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School of Law

Strains of UNH Law Amicus Brief Heard in Federal Circuit’s Hyatt v Kappos Decision

The Court of Appeals for the Federal Circuit handed down a decision in Hyatt v Kappos November 8 that was in many ways similar to the points urged by the Law School’s IP Amicus Brief Clinic last May.

According to Professor Jeff Hawley, Director of the IP Amicus Brief Clinic, the Court of Appeals for the Federal Circuit found:  1) No new issues are to be considered in the District of Columbia district court in an action under Section 145; 2) Let the Federal Rules of Evidence decide admissibility; and 3) The record in the USPTO is very important - clearly not a trial de novo.  This was very close to the positions in the school's amicus brief."

Dennis Crouch summarized the decision this way in a PatentlyO blog post, “In a 6-2-1 en banc decision, the Federal Circuit has reversed its prior precedent and held that a patent applicant must be allowed to introduce new evidence in a Section 145 civil action filed to challenge a USPTO refusal to grant patent rights and that the issues implicated by the new facts must be considered de novo.…However, the Court also wrote that an applicant may still be barred from presenting new ‘issues’ in the civil action and that, when no new evidence is presented, that BPAI findings and rulings should be given deference under the Administrative Procedures Act.”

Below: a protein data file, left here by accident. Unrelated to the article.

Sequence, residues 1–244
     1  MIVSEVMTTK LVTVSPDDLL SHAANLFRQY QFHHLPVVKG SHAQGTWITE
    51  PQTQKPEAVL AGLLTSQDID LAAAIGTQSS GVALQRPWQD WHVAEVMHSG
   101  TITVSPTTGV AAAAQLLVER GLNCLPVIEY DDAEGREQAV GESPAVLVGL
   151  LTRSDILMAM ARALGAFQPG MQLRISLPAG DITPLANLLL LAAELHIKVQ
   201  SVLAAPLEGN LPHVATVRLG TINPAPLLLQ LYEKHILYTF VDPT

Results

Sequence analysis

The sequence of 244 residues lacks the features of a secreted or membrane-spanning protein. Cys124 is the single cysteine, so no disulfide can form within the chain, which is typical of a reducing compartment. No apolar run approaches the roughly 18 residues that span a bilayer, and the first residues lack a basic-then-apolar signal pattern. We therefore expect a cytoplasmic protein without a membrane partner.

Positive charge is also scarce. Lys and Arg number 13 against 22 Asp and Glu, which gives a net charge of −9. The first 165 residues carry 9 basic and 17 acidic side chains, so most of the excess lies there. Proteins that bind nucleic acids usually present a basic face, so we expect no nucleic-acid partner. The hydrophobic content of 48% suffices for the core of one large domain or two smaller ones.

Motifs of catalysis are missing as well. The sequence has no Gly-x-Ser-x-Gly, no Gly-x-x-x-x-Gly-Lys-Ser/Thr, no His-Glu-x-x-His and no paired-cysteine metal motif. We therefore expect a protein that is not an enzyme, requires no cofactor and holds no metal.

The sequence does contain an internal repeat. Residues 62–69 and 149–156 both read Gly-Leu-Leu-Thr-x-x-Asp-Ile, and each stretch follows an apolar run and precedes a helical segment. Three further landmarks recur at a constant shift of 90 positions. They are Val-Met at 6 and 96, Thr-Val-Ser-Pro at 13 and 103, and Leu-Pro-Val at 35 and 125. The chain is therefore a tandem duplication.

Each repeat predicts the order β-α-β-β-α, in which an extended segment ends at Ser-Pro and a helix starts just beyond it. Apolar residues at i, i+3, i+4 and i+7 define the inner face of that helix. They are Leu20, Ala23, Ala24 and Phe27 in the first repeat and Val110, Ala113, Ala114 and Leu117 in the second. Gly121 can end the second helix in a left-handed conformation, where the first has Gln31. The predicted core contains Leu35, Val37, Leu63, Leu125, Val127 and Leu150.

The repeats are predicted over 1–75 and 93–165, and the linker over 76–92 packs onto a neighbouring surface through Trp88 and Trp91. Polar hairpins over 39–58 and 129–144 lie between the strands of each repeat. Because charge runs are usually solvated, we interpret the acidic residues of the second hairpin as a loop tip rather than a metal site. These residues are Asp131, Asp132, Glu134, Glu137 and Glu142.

The IP Amicus Brief Clinic, led by Hawley and Professor Ann McCrackin, Director of the Patent Prosecution Program, is one of three Intellectual Property Clinics at the University of New Hampshire School of Law. Students who wrote the brief were Richard Amster, Alex Chan, Gordon Daniell, Stephanie Hernandez-Siman, and Saurabh Vishnubhakat all of whom graduated in May 2010.